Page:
Sheffield Daily Telegraph – Saturday 07 April 1928
It seems hard to believe, despite the grievous assurance given by the news, that Roy Kilner is dead. He had about him what might be called a solid and permanent vitality; he was one of those foursquare folk who might be thought to be immune from mortal frailness of body just as they seem to be free from temperamental tremors. But unfortunately it is only too true that this famous Yorkshire and England cricketer has taken his last wicket and hit his last boundary. An old hand at the game—it was nearly seventeen years ago that he began his county career—he was comparatively young in age; what one expected of him was that after several seasons more of first-class cricket he would join the ranks of the veterans and be remembered in his retirement as one of Yorkshire’s great all-round players.
So indeed he will be remembered, but not, alas, in his retirement. He was cricketer who has left an unforgettable impression on the minds of all who were familiar with his play. It was not only that everything he did, he did well. In all his doings on the field there was not only efficiency but character, and shrewd sturdy Yorkshire character at that.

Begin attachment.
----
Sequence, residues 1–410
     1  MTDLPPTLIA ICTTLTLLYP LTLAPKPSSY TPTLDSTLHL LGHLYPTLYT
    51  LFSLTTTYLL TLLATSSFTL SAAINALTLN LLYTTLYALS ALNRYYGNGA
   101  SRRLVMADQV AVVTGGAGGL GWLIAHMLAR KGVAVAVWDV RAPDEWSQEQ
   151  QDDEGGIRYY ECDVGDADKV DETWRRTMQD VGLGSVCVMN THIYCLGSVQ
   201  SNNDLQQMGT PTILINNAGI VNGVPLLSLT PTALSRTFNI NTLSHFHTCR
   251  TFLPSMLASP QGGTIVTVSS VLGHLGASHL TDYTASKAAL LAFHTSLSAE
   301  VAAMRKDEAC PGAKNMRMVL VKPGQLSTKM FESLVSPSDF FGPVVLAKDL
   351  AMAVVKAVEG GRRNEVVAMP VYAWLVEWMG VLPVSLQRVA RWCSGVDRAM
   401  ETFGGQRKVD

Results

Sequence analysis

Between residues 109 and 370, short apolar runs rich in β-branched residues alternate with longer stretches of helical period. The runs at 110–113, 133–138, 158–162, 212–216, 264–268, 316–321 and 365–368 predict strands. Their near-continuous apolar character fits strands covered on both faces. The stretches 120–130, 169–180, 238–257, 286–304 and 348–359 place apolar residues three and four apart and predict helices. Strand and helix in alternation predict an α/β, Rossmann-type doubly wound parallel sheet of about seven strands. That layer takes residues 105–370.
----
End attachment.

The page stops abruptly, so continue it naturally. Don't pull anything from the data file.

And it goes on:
His crafty left-hand slow balls, “humorous, but lingering,*’ that used to inflict a sudden comic perplexity on batsmen who had been taking audacious liberties with Yorkshire bowling; his hard and determined hitting; his jaunty confidence and courage that made him such good man to have at a pinch – who can forget these things? And who can believe that shall never see them more? Yet we never shall; this great and gallant player is lost to Yorkshire and to cricket, and the loss is indeed a heavy one. Were his powers over-strained by incessant all-the-year-round cricket in various climates, each of them trying in its own way ?
One wonders; he was never a man to spare himself. Howsoever that may be, he has passed, and his passing brings sorrow to all who love the game he played so keenly and so well.